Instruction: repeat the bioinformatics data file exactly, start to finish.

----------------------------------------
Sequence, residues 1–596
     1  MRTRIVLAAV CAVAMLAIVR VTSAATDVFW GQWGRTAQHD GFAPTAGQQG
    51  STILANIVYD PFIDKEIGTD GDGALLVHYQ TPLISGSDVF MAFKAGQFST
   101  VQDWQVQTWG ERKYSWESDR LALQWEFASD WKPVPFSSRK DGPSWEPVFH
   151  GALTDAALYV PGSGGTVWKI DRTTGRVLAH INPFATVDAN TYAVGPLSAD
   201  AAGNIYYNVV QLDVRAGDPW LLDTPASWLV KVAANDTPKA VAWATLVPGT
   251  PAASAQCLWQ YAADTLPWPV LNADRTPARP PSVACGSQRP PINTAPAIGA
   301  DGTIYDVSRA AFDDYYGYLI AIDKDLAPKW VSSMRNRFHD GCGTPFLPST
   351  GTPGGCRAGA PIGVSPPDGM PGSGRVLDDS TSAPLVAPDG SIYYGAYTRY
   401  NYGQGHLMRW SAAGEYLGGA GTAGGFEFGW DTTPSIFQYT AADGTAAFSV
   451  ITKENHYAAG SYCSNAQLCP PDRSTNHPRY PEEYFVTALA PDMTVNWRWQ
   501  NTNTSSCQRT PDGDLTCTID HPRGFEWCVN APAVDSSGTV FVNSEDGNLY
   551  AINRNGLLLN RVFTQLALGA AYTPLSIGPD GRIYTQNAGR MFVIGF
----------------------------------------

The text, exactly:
Sequence, residues 1–596
     1  MRTRIVLAAV CAVAMLAIVR VTSAATDVFW GQWGRTAQHD GFAPTAGQQG
    51  STILANIVYD PFIDKEIGTD GDGALLVHYQ TPLISGSDVF MAFKAGQFST
   101  VQDWQVQTWG ERKYSWESDR LALQWEFASD WKPVPFSSRK DGPSWEPVFH
   151  GALTDAALYV PGSGGTVWKI DRTTGRVLAH INPFATVDAN TYAVGPLSAD
   201  AAGNIYYNVV QLDVRAGDPW LLDTPASWLV KVAANDTPKA VAWATLVPGT
   251  PAASAQCLWQ YAADTLPWPV LNADRTPARP PSVACGSQRP PINTAPAIGA
   301  DGTIYDVSRA AFDDYYGYLI AIDKDLAPKW VSSMRNRFHD GCGTPFLPST
   351  GTPGGCRAGA PIGVSPPDGM PGSGRVLDDS TSAPLVAPDG SIYYGAYTRY
   401  NYGQGHLMRW SAAGEYLGGA GTAGGFEFGW DTTPSIFQYT AADGTAAFSV
   451  ITKENHYAAG SYCSNAQLCP PDRSTNHPRY PEEYFVTALA PDMTVNWRWQ
   501  NTNTSSCQRT PDGDLTCTID HPRGFEWCVN APAVDSSGTV FVNSEDGNLY
   551  AINRNGLLLN RVFTQLALGA AYTPLSIGPD GRIYTQNAGR MFVIGF